Antioch Council hires first African American as City Attorney

Thomas Lloyd Smith. Photo from his LinkedIn page.

Harvard Law School graduate, San Leandro Assistant City Attorney

By Allen Payton

At their meeting on Tuesday, February 5, 2019, the Antioch City Council voted unanimously to hire Thomas Lloyd Smith as the new City Attorney. He will receive an annual salary of $195,000 plus benefits. He replaces Derek Cole who has served as Antioch’s Interim City Attorney for the past six years.

As an attorney in the law firm of Meyers Nave Riback Silver & Wilson, Smith serves as Assistant City Attorney for the City of San Leandro. He also assists in the provision of general counsel services to the City of El Cerrito, City of Larkspur, and Central Contra Costa Sanitary District.

“In the spirit…in the course of our community, we’ve come a long way,” Councilman Lamar Thorpe stated. “At one point, Antioch was a sundown town where African Americans were run out of town. I think it’s an important occasion during this Black History Month, by appointing our first African American City Attorney for the City of Antioch.”

With that he made a motion to appoint Smith.

“We went through an extensive process,” said Mayor Sean Wright. “Thomas is an exciting appointment.

Smith then spoke, introducing his wife, Danielle Smith.

“This is one of the happiest days of my life, second to the marriage to my wife,” he said. “When we first came to Antioch to find a home…I truly believe this slogan ‘opportunity lives here’…I would also say ‘diversity lives here.’”

“We’ve enjoyed the food here, we’ve really enjoyed the culture, the people,” Smith continued. “We can really anticipate what’s ahead. We’re really excited to be a part of it. We really know the vision you’ve set forward.”

“This is an honor,” he stated “I look forward to working with you all…and helping create the bright future that Antioch has.”

The council then voted 5-0 to hire Smith.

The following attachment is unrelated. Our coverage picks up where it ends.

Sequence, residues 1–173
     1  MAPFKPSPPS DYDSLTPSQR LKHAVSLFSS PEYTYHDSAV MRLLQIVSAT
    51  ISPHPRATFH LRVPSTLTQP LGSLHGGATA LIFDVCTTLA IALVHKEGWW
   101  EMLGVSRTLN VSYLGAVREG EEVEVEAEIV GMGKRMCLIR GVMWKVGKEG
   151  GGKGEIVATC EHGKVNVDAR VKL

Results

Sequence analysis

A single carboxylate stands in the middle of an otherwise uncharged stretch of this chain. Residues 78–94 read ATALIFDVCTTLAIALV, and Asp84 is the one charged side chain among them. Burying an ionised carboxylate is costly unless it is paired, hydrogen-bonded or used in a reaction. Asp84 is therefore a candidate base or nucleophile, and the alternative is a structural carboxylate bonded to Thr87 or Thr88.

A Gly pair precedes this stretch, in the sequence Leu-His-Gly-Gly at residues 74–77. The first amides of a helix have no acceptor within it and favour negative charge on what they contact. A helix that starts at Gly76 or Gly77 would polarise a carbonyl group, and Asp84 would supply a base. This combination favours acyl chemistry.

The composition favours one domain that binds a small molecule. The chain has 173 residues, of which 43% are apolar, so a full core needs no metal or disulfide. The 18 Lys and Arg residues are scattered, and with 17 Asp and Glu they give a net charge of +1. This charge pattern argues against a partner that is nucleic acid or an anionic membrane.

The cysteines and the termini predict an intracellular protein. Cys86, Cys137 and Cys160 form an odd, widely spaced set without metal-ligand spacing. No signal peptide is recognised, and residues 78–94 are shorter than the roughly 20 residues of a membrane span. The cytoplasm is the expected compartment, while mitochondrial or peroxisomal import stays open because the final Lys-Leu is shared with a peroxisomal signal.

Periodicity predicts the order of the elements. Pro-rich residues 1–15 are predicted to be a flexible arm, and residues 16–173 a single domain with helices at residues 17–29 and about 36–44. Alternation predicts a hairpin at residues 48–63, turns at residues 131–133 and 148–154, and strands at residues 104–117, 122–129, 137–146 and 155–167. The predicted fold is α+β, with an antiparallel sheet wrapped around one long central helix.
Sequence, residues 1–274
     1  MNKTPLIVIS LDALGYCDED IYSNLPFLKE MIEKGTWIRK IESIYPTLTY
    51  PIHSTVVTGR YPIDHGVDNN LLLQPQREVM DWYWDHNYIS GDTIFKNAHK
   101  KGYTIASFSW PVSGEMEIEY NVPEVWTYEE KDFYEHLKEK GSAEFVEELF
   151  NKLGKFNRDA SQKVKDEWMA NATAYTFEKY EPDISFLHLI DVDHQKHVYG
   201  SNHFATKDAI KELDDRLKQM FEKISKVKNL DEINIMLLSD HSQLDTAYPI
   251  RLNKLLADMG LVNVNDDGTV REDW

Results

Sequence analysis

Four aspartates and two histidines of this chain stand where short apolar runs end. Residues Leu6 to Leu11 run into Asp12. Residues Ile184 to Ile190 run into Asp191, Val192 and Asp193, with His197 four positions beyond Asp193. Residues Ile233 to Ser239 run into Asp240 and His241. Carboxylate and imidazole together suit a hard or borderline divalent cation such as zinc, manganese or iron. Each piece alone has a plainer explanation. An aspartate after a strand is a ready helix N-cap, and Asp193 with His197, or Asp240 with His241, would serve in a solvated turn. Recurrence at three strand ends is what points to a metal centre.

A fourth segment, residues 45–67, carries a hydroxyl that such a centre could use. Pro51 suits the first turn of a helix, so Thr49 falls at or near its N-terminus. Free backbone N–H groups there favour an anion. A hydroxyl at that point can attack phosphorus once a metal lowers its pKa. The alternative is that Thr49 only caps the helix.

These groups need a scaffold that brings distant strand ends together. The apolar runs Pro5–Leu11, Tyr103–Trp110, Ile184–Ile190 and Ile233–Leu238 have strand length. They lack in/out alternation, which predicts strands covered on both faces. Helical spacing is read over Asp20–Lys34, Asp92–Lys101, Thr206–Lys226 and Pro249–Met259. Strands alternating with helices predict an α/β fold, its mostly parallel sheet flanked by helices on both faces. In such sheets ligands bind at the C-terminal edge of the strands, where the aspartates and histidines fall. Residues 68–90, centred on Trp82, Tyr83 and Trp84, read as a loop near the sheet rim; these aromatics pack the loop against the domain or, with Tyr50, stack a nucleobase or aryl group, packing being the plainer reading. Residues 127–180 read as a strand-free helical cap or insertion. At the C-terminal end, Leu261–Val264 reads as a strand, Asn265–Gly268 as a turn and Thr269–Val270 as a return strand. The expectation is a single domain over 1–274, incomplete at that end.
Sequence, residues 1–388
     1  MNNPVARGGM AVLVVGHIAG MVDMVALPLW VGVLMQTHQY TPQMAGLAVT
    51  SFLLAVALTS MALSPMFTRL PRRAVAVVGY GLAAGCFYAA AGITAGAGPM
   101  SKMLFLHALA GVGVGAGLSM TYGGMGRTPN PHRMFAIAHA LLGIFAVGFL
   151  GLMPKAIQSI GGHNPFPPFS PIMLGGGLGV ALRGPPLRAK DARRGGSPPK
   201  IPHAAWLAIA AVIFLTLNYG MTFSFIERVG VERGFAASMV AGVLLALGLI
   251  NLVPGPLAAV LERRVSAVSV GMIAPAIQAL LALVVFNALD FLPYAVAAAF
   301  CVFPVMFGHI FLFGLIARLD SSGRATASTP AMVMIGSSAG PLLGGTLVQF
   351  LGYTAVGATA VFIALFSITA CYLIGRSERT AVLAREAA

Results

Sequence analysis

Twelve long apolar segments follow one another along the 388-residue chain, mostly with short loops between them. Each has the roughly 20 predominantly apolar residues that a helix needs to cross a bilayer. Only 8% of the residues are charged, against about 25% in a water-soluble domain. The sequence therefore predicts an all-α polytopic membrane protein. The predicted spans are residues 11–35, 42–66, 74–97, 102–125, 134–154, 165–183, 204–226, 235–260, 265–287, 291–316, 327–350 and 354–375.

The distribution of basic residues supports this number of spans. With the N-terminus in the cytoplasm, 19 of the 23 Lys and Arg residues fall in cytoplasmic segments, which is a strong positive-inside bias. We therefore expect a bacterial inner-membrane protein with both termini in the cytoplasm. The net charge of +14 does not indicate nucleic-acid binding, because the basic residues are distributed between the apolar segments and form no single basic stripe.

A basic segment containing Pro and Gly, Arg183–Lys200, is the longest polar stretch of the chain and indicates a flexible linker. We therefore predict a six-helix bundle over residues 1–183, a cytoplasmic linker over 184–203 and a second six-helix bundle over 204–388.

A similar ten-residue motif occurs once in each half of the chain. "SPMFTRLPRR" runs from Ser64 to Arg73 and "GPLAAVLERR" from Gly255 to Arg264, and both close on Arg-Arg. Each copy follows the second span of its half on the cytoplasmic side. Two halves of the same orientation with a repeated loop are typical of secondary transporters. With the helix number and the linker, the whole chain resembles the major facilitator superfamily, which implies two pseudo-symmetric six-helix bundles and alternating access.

“If you were worried, tonight, you didn’t need to be,” Wright added with a smile.

According to the city staff report, “while working for Garcia Hernandez & Sawhney, Mr. Smith supported a city, a special district and several community college entities.

“His earlier legal experiences were with two Boston based law firms where he supported public policy issues and provided advisory services for non-profits, star-ups and venture capitalists. Mr. Smith has extensive experience in public law, contract law, conflicts of interest, workplace investigations, employee discipline and DFEH/EEOC matters.

“He has dealt with issues of the Political Reform Act, Ralph M. Brown Act (open meeting law) and the Public Records Act. Prior to completing law school, Mr. Smith worked for three years as an administrative manager for a global law firm where he oversaw four departments with responsibility for business planning and the profit and loss statement. Mr. Smith also founded and was executive director for a Boston based charter school geared towards grades 6-8.

He started his professional career as a business analyst for McKinsey & Company in New York.”

According to his profile page on the Meyers Nave website, Smith’s current practice areas are focused on Municipal and Special District Law, Labor and Employment, and Public Contracts. His “senior management experience includes managing four departments across all offices of a global corporate law firm with more than 500 attorneys.”

He earned his law degree from Harvard Law School, a Master’s degree in Public Policy at Harvard Kennedy School and a Bachelor of Science in Education, graduating magna cum laude from Seton Hall University.

Smith is a member of the Oakland Police Commission, currently serving as its chairperson.

He will begin his new position on March 1, 2019.

To read Smith’s complete biography, click here: ThomasSmith-Bio

 

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One Comment to “Antioch Council hires first African American as City Attorney”

  1. Maribelle says:

    Awesome maybe the city can clear up the clogged arteries, behind the scenes to get the shopping center on Delta Fair Blvd. Get the ball rolling. These buildings need to be torn down and let the property owner spend his 100 million dollars in our city. It cannot be any worse than what we have currently. Not to mention how often does Antioch get someone with 100 million to spend and they want to spend it here? We keep monkeying around he is gonna take that money elsewhere. And we will be stuck with what we have. It’s really no rocket science.

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